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Christianity in a Chinese workplace? For some.

A strategic semiconductor firm gets leeway on promoting faith in its halls.

Sunday: Government-approved ministers preach at Semiconductor Manufacturing International Co.'s services. The firm's founder insisted on leeway for religious practice.

Carol Huang

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A spiffy corporate campus in China isn't exactly where you'd expect to find a four-foot-tall wooden cross, let alone a church filled with Chinese singing hymns.

But that's what's happening on the Beijing and other campuses of Semiconductor Manufacturing International Company (SMIC), whose founding CEO is an enthusiastic evangelical Christian.

A leader in what Beijing considers a highly strategic industry, the chipmaking company has secured unusual leeway for free worship from a government that's extremely cautious about organized religion.

But despite their often hard line on religion, in practice, Chinese authorities use a sliding scale of religious control – influenced in part by how much a group contributes to a prosperous and "harmonious" society.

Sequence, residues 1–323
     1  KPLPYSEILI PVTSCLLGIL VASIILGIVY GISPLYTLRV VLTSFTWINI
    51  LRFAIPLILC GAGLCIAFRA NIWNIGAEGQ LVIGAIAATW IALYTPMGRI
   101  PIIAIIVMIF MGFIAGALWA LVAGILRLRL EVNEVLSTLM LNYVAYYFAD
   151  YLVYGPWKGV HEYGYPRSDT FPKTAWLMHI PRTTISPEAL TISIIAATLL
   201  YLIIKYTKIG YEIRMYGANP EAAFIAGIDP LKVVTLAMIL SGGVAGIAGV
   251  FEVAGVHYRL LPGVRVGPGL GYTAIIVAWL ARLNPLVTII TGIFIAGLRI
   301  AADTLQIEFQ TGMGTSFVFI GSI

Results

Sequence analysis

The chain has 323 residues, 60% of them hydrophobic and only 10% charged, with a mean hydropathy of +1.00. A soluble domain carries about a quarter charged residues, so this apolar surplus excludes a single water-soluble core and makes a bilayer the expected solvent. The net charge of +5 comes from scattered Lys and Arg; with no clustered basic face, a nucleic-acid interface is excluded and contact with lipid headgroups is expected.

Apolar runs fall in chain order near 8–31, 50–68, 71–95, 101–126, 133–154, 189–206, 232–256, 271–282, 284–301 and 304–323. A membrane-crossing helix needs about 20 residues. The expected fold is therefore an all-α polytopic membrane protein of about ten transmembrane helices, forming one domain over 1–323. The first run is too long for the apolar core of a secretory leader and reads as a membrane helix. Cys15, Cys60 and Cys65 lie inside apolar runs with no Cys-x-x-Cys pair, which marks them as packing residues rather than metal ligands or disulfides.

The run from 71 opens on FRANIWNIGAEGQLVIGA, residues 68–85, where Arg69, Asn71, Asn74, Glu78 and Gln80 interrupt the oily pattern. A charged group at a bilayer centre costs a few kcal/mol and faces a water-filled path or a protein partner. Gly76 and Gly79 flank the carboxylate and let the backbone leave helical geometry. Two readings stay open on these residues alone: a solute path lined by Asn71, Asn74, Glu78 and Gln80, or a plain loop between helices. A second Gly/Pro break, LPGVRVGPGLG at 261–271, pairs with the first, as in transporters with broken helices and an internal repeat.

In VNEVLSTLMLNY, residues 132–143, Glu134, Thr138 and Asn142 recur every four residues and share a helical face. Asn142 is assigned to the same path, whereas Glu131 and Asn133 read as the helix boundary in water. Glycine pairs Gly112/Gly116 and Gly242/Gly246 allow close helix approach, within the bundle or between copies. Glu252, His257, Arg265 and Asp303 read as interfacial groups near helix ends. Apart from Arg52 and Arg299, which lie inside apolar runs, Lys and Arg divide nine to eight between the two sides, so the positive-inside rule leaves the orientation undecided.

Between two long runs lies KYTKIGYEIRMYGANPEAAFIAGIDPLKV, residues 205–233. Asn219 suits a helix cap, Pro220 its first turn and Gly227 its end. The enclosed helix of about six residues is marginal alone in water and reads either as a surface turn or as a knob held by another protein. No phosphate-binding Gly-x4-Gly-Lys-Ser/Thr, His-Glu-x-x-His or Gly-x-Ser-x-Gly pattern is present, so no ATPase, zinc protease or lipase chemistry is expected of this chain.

Overseas Chinese investors score very high on helping China reach this goal. "As long as we're considered China's semiconductor company, as long as we're good for China," they work with us," says company spokesman Matthew Szymanski.

Chinese authorities have adapted their stance on religion as its popularity has grown in recent years. The number of Christians alone rose 50 percent between 1997 and 2006, according to official figures. Today they make up 4 to 8 percent of China's 1.3 billion people, says Brian Grim, a senior research fellow at the Pew Forum on Religion and Public Life in Washington.

China's Constitution, adopted in 1982, recognizes "freedom of religious belief" and "protects normal religious activities." But legal worship is restricted to state-sanctioned facilities. The government keeps a close eye on religious activity, periodically cracking down when it sees something it doesn't like.


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